Director: Roman Polanski

79 minutes, France-Germany-Poland-Spain, 2011, Colour, Anamorphic, Dolby Digital Stereo, 35mm

Notwithstanding the shadow cast in recent times by his past private misdeeds, Roman Polanski remains at the top of his game as a filmmaker. Here his razor-sharp humour marks a blisteringly astute adaptation of Yasmina Reza’s multi-award-winning play God of Carnage. Two sets of middle-class parents arguing in an apartment over a violent incident involving both their school-age sons doesn’t sound like much, yet as married execs Kate Winslet and Christoph Waltz struggle to conceal their scorn for touchy-feely right-on duo Jodie Foster and John C. Reilly, what emerges is an insightful and uproariously funny study of the petty snobbery and minutiae of prejudice lurking beneath the rituals of bourgeois civility.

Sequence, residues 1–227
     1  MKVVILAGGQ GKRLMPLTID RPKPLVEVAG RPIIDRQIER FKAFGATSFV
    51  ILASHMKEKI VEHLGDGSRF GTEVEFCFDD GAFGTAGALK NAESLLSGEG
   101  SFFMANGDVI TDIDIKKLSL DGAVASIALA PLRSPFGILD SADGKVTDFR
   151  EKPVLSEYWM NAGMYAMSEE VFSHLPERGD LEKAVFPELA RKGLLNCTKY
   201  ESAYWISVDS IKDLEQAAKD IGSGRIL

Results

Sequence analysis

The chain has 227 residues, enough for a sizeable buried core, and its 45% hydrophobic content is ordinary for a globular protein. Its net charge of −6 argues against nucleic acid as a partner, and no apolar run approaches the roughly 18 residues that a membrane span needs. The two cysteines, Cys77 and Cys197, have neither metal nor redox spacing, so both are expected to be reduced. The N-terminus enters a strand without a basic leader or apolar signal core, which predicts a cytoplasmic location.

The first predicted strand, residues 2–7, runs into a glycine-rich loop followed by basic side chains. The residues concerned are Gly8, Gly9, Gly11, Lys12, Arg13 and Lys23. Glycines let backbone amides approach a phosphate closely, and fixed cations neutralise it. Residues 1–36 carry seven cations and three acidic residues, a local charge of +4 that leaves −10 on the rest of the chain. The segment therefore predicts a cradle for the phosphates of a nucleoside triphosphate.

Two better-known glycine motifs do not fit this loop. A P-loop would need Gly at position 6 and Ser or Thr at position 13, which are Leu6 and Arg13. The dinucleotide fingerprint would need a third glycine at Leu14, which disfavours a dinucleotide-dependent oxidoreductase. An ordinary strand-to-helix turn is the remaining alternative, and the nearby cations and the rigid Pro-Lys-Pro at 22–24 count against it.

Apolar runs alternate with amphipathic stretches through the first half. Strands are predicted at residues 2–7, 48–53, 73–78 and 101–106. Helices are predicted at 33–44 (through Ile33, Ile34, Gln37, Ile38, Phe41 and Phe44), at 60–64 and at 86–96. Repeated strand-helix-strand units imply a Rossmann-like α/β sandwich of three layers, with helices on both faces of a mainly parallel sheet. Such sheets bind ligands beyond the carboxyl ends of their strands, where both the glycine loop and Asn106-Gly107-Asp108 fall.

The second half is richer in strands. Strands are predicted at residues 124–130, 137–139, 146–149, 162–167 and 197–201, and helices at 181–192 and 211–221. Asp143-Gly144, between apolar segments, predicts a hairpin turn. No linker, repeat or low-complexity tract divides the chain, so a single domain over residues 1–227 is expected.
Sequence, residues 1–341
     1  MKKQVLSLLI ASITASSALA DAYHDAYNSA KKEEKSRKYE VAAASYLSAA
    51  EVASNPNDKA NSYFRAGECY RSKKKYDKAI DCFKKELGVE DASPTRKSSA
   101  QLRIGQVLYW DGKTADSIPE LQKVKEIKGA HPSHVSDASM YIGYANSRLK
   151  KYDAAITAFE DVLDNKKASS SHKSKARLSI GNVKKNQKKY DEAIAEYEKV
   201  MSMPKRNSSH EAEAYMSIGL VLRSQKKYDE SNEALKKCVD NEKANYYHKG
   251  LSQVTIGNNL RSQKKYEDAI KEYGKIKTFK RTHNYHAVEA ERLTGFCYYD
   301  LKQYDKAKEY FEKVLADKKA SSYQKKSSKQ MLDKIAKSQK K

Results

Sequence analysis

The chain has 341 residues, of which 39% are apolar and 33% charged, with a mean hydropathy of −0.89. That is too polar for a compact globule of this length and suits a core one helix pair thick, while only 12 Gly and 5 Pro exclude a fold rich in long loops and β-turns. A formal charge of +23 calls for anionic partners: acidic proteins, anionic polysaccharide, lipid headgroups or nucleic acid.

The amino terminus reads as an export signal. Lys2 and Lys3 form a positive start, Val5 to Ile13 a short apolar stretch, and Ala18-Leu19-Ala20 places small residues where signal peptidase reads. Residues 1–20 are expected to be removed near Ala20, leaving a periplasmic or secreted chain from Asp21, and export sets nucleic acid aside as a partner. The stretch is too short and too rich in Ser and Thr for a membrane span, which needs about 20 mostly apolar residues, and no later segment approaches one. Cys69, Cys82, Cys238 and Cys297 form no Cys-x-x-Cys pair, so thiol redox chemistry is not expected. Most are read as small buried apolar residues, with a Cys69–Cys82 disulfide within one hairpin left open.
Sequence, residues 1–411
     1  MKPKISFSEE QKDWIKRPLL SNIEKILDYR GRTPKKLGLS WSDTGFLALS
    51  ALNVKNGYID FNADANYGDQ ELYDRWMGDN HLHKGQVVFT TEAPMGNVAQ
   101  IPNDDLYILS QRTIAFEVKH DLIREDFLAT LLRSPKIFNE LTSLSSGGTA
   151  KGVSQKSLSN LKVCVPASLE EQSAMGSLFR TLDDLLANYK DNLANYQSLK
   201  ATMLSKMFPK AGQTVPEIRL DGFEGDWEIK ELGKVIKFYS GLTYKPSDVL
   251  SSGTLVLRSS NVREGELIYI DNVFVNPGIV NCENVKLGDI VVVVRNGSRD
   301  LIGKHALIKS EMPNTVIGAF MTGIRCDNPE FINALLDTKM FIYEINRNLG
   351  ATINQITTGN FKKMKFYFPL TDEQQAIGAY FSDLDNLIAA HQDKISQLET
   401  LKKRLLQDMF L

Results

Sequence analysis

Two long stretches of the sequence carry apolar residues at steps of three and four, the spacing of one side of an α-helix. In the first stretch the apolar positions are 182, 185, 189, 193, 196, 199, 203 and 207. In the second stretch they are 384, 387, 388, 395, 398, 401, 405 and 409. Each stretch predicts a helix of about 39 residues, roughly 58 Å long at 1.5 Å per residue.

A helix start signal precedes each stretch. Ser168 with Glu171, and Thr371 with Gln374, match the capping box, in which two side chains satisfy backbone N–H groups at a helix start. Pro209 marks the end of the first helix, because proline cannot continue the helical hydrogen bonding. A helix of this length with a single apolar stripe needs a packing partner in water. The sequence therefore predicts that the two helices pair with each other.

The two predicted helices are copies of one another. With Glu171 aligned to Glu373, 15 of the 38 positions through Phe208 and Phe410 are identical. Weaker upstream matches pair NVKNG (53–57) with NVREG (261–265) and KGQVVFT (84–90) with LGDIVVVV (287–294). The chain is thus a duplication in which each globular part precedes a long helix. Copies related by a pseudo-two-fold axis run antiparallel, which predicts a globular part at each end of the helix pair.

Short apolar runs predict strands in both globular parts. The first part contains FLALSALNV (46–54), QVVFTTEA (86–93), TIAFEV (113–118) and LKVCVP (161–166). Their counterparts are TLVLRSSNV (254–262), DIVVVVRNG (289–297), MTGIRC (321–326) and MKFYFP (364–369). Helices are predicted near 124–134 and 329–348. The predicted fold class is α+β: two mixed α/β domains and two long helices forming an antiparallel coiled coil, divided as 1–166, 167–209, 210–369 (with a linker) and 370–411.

The 78-year-old director keeps the gags and barbs coming at quite a lick, making brilliantly cinematic use of the seemingly confined interiors in a manner befitting the maestro of earlier classics such as Repulsion and Rosemary’s Baby. Carnage is tremendous stuff and, trust us, you’ll want to double-check your smartphone is turned off . . .  (Notes by Trevor Johnston.)


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